Humans and other animals harbour enormous microbial consortia, especially in the lower intestine. My group has now shown that effects of the microbiota on host are far earlier and more pervasive than previously appreciated, starting even before birth from exposure to defined maternal microbial metabolites.
There is a critical window for development of immunity and metabolism in early life. This shapes infectious resistance, lymphocyte repertoire development and the likelihood of later autoimmune or inflammatory disease. We will determine the molecular mechanisms of how the maternal microbiota prepares the newborn for the critical fetal/suckling/early-independent-nutrition transitions. The core hypothesis is that generally pervasive effects of maternal microbial influences, so-far investigated only for innate immunity and metabolism of germ-free offspring, can be defined in terms of a clear portfolio of maternal microbial molecular signatures and epigenetic marks as the newborn develops with its own microbiota.
Interdependence of microbial ⇄ host interactions during gestation and lactation will be dissected using reversible colonisation systems under axenic and precisely controlled gnotobiotic conditions. The flow and identity of maternal microbial metabolites driving development and shaping incoming colonisation shall be determined from high-resolution metabolomics and host strain combinations that reveal in vivo signalling and epigenetic marks.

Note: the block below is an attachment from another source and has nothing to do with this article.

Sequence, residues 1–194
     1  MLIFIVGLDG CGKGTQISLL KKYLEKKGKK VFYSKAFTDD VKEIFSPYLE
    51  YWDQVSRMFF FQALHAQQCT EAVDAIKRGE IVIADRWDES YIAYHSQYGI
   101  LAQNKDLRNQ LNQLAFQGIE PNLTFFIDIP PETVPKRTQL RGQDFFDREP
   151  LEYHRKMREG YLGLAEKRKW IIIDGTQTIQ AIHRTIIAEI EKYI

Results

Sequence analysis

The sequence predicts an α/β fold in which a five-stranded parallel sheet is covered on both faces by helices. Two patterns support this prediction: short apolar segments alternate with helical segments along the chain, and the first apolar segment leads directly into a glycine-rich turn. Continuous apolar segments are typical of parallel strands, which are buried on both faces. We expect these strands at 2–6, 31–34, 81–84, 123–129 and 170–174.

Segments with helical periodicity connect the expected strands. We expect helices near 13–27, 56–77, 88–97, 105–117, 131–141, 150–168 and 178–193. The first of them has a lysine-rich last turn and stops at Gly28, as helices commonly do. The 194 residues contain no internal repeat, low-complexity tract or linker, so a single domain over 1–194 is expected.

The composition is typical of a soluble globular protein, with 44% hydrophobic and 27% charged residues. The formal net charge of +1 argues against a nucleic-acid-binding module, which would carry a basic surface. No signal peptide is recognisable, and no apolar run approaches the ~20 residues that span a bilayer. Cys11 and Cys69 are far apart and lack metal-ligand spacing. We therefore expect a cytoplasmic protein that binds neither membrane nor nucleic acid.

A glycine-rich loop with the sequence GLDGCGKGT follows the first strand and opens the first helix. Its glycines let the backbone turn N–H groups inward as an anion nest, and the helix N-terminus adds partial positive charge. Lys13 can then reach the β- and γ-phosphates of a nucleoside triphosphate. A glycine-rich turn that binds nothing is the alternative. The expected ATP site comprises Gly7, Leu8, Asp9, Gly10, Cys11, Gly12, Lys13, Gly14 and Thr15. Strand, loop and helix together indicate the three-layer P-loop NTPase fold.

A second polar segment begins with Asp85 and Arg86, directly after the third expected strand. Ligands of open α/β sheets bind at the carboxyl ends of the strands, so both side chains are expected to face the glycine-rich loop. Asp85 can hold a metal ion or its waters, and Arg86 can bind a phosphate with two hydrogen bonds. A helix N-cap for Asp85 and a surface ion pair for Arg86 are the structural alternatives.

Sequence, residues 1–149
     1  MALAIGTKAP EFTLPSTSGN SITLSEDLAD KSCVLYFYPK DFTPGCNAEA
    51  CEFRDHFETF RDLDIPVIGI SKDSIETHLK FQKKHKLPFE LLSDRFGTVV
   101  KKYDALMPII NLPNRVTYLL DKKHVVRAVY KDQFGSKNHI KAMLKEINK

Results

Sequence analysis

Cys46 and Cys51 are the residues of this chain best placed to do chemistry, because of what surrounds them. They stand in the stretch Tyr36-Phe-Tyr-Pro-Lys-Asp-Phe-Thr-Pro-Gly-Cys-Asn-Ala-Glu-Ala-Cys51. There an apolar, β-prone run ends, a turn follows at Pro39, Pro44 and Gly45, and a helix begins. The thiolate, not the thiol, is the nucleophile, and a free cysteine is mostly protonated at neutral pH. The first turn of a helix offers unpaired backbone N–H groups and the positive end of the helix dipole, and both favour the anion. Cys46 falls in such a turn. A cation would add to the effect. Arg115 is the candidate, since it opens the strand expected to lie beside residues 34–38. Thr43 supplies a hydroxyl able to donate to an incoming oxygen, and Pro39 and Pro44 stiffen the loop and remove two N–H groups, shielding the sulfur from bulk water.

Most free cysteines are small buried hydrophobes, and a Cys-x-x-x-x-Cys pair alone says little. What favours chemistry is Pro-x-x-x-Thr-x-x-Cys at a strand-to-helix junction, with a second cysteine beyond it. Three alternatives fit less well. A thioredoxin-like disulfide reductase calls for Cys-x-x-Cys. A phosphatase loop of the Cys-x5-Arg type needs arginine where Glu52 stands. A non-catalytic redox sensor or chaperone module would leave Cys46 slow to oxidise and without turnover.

The project will reveal mechanisms of the earliest phases of mammalian adaptation to a microbiota, the epigenetic effects of maternal microbial metabolites and the resulting potential protection from metabolic disease or immunopathology. Conversely, there are profound effects of early life adaptation on the dynamics of microbial colonisation and the potential blooms and extinctions for the incoming microbiota: the project will define the different mechanisms involved.
Fields of science
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